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  1. #1
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    Another Wheel Width Question

    So, I've now read half a dozen threads about using different widths for front and rear tires. I know it's totally okay and endorsed by Sheldon Brown. But I'm looking at some Continental SportContacts and was wondering if 28 in the rear and 37 in the front was too big of a difference. These tires will be on a 2001 Bianci Boardwalk.

    Thanks! And sorry if this should have gone in the noob section (first post).

  2. #2
    Senior Member AdelaaR's Avatar
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    28 rear and 37 front? That sounds weird ... but if you like it that way ... who am I to judge?

  3. #3
    Senior Member meanwhile's Avatar
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    Quote Originally Posted by Shuacycle View Post
    So, I've now read half a dozen threads about using different widths for front and rear tires. I know it's totally okay and endorsed by Sheldon Brown. But I'm looking at some Continental SportContacts and was wondering if 28 in the rear and 37 in the front was too big of a difference. These tires will be on a 2001 Bianci Boardwalk.

    Thanks! And sorry if this should have gone in the noob section (first post).
    This set up won't make you bike explode, but it doesn't make any sense. The weight at the rear is only about 20% greater than the front while you are on the flat - something like a 35/38 makes sense if you therefore want equal cushioning on each tyre. Plus weight shifts to the front while going downhill...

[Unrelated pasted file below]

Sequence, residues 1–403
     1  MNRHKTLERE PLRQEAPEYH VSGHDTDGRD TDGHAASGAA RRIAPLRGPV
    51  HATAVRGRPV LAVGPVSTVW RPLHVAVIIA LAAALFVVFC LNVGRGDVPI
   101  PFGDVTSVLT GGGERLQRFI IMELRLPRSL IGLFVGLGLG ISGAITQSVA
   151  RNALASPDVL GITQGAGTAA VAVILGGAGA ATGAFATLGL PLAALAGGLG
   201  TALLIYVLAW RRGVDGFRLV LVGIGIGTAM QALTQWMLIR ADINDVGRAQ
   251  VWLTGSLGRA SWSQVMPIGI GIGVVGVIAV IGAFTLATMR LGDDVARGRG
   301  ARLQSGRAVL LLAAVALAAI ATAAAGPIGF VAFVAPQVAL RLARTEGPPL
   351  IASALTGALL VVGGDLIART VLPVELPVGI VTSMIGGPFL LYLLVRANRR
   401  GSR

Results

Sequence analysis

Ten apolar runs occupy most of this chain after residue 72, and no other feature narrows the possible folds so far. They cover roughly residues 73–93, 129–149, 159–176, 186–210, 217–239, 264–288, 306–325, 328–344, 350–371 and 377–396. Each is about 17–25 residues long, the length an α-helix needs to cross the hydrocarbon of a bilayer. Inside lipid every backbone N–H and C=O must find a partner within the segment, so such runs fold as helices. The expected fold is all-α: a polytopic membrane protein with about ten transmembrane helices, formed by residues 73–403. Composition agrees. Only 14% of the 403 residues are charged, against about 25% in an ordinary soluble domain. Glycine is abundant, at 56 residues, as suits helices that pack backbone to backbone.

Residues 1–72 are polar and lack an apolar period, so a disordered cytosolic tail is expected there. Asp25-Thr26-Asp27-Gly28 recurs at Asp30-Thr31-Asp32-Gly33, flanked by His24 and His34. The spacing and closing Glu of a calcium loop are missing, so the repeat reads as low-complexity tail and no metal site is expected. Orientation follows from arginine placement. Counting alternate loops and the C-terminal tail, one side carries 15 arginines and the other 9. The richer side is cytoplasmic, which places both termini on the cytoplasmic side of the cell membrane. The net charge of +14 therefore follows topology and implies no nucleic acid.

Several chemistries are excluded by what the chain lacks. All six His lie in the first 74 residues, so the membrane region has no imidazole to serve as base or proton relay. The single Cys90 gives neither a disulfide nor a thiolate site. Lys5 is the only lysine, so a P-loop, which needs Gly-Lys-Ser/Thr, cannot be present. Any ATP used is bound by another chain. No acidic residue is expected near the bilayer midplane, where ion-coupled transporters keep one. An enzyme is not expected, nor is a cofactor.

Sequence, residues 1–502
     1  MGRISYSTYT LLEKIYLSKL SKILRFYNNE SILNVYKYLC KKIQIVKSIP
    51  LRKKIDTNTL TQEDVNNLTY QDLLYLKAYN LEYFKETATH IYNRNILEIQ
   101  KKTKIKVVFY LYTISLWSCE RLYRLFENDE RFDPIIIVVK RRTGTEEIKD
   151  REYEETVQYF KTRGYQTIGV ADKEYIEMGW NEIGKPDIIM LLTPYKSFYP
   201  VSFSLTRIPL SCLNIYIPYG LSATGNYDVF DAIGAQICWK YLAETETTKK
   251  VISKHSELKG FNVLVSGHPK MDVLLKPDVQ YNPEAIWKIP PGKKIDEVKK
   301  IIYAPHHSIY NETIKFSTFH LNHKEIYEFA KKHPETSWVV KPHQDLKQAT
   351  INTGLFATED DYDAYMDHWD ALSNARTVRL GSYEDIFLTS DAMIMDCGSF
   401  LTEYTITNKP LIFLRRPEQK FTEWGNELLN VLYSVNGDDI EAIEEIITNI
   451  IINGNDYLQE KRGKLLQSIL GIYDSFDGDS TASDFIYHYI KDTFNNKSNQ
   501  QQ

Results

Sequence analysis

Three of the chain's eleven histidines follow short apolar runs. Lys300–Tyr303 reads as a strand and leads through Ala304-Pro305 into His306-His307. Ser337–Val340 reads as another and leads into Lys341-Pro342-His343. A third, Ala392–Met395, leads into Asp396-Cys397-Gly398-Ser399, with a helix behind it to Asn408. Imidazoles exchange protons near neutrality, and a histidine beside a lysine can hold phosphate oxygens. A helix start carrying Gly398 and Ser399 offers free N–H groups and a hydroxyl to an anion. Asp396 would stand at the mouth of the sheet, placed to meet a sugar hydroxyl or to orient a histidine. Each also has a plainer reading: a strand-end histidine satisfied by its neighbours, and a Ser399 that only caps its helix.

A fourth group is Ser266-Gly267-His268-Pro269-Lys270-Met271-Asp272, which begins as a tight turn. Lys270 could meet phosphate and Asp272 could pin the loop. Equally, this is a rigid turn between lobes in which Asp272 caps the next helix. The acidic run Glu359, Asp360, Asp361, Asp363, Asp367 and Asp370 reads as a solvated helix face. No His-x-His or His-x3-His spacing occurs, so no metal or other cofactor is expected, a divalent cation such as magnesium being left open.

Going narrow at the front reduces grip where it is most needed for braking and cornering and countering potholes. A jolt at the rear is just a pain in the ass; a jolt at the front can misalign your steering and put your face in the tarmac. That's not to say that 28 is too narrow... but it is if you really need 38 at the rear.

    Btw Sports Contacts are nice tyres (fast!) when it is dry but lose a lot of grip in the wet. If you ride in rain I'd fit something else unless you are a very confident bike handler. I'd recommend, oh, a 35mm Marathon Supreme on each tyre. Or even a 40mm, depending on your weight and the roads you ride. A bit more expensive but longer lasting, much better puncture resistance and wet grip, and probably just as fast.
    Last edited by meanwhile; 07-12-10 at 07:57 AM.

  4. #4
    aka Phil Jungels Wanderer's Avatar
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    I am very happy with a Marathon Supreme 35 on the front, and a 40 on the rear. The ride and handling is much better with this mix, than any other sizes I tried. (45s front and rear, 45 rear-40 front,40s front and rear, 35s front and rear. This mix gives me a very nice ride, and VERY nice handling. Wet or dry - makes no difference.

    If you are not taking it to the mud, what's the reason for the fatter tire on the front of your bike?

    No kidding - my combo is very nice for my 190# bulk.

    "Retirement is the best job I ever had!" Me, 2009


    Specialized Crosstrail Sport - '08
    Nishiki Sport - misappropriated from my youngest son (circa 1984)
    Marin Stinson - misappropriated by my youngest grandson - '01
    "The Beast" - 1990 Schwinn Airdyne (in the basement for winter torture)

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